Biomutant is a game that makes its first impressions early. The game holds very little back as it quickly introduces you to combat, world building, story, and the open world itself in the space of about 20 minutes. Truthfully, not all those impressions will be the best they could be, and a part of the reason for this is that Biomutant very clearly wears its inspirations on its sleeve.
Biomutant is drawing from some of the very best games in their respective genres such as the Batman: Arkham series, Breath of the Wild, and Ratchet & Clank. While it can’t always live up to those inspirations, it combines them all together into a fun and engaging title that more than lives up to the charm displayed in trailers and promotional materials.
Everybody was Wung-Fu fighting
Combat is a vital aspect of Biomutant, which instantly throws you into a fight when you start the campaign. You will be endlessly fighting all manner of creatures over the course of the story. From small mammalian creatures like your own character to massive beasts and everything in between, it is fighting these enemies that will take up much of your time as you play through the story.
The developers have opted for a variation of the Arkham-style combat system. Certain enemy attacks are telegraphed and can be countered with the correct input. Some attacks can be parried, opening enemies up to counters, while others must be dodged. Abilities can be upgraded over the course of the game with new skills learned, all under the umbrella of a martial art called Wung-Fu.
Everything works pretty much as it should, but the combat itself is floaty, to say the least. There is not much heft or weight behind moves, and animations will display subtle slipping and sliding as the game attempts to keep up with itself. The good news is that while this is extremely obvious at the start of the game, and feels a little disruptive, it doesn’t take long to get used to it. The combat becomes smoother as you gain more skills and abilities as options to use to fill in the gaps and transitions between enemies. As a system, it never reaches the heights of the Arkham games that it pulls from, but overall, it gets the job done and has enough style of its own thanks to the intermixing of melee, ranged, and psychic combat.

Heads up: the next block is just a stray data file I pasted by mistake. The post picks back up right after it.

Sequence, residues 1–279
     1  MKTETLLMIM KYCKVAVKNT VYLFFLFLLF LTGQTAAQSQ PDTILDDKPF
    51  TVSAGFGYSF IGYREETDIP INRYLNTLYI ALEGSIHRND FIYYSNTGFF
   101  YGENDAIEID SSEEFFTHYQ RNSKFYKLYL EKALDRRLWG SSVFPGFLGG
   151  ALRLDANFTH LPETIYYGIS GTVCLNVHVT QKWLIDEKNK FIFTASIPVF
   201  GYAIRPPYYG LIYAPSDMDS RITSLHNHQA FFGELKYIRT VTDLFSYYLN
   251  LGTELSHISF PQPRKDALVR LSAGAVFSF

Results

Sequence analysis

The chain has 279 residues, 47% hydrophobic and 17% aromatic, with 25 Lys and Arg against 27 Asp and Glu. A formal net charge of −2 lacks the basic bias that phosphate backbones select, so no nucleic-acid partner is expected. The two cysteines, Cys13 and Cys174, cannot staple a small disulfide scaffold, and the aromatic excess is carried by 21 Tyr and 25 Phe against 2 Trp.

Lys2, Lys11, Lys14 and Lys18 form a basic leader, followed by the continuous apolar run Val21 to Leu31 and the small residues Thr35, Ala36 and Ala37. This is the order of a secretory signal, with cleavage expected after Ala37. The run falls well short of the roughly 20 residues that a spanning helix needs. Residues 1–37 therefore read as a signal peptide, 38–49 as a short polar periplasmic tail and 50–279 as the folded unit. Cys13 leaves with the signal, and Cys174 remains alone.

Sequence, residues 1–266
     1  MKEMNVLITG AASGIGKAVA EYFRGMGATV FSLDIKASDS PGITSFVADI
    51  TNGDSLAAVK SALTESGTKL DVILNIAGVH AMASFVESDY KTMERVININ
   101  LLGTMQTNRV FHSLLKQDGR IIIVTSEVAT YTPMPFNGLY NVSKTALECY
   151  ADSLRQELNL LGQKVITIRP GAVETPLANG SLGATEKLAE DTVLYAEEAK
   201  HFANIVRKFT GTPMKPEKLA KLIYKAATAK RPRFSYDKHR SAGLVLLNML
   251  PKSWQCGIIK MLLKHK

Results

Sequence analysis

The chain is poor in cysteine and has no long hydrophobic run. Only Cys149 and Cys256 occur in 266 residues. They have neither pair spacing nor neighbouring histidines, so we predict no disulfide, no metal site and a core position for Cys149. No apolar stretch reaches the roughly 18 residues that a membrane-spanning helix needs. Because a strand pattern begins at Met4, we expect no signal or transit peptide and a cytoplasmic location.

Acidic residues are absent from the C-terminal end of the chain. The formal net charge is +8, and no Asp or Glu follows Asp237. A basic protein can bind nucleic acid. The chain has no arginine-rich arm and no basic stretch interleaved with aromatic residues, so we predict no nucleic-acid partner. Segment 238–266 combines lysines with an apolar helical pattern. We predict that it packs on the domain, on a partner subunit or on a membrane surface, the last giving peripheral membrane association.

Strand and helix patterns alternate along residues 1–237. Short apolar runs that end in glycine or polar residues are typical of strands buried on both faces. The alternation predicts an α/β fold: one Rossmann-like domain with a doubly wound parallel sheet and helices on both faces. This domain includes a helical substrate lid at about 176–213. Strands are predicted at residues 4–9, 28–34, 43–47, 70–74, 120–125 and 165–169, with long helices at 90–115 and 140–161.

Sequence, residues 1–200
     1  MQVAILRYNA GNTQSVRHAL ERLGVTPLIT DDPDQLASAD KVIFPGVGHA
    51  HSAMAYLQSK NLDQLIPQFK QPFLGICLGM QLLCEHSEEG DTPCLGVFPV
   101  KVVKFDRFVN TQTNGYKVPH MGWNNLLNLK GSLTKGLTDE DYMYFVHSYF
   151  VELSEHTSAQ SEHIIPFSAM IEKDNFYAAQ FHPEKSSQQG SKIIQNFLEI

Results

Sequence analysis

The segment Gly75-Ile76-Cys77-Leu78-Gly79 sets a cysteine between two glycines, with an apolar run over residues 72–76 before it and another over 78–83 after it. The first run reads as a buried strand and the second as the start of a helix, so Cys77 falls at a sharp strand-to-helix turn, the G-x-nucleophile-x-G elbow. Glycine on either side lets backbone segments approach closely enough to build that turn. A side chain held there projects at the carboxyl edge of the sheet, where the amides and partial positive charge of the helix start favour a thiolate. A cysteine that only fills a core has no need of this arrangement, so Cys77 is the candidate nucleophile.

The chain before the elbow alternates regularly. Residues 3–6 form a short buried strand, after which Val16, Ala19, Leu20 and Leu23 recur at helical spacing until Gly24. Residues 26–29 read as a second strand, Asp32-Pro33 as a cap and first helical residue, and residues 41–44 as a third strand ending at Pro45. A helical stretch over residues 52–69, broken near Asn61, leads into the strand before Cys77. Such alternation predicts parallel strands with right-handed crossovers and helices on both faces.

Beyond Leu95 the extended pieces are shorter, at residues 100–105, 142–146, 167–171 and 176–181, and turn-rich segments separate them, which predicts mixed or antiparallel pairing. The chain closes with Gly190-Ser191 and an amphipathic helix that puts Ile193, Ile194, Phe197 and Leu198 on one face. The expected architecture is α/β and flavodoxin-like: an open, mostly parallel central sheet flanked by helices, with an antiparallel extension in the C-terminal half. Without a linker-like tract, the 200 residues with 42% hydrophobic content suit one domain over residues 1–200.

A truly open world
When it comes to strengths, Biomutant has two things that it does so incredibly well that the floaty feeling in combat will, for many players, fade into a non-issue. Firstly, the game provides players with an actual open world to explore. From the moment you start the campaign, you can go anywhere. With very few exceptions, the entire map is yours to explore, as enemies will scale to your current level, no matter where you are.
While there are some lumps of the map that are locked away behind various environmental effects, this is primarily to provide challenge rather than to hide content. Some areas are hot, others covered in an oxygen-reducing tar, while another area might be radioactive. The solution to these issues is simple exploration and looting. Get enough armor with resistances to a specific type of hazard and you can ignore it completely while you explore the area in question.
The map is laden with story and side quests, secrets, NPCs to talk to, and other things to see and do. The lack of a minimap means that I have spent hours freed from the pressing need to do things and have instead allowed my curiosity to just carry me across the map wherever it might take me. While you can pop open your map and get direction at any time, Biomutant is incredibly gentle when it comes to pushing in any particular direction. The game is more interested in letting you catch a glimpse of an odd structure through the fog, or crest a hill to discover a massive ancient statue with a quest attached to it, than it is in putting a waypoint on the screen.